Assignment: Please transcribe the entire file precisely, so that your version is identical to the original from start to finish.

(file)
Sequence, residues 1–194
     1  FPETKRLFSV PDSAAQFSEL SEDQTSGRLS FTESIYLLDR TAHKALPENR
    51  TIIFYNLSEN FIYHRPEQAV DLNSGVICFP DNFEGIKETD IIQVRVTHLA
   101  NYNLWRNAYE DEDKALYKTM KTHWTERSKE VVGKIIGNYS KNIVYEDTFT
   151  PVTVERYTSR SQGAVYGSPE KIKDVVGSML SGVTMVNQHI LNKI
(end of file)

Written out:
Sequence, residues 1–194
     1  FPETKRLFSV PDSAAQFSEL SEDQTSGRLS FTESIYLLDR TAHKALPENR
    51  TIIFYNLSEN FIYHRPEQAV DLNSGVICFP DNFEGIKETD IIQVRVTHLA
   101  NYNLWRNAYE DEDKALYKTM KTHWTERSKE VVGKIIGNYS KNIVYEDTFT
   151  PVTVERYTSR SQGAVYGSPE KIKDVVGSML SGVTMVNQHI LNKI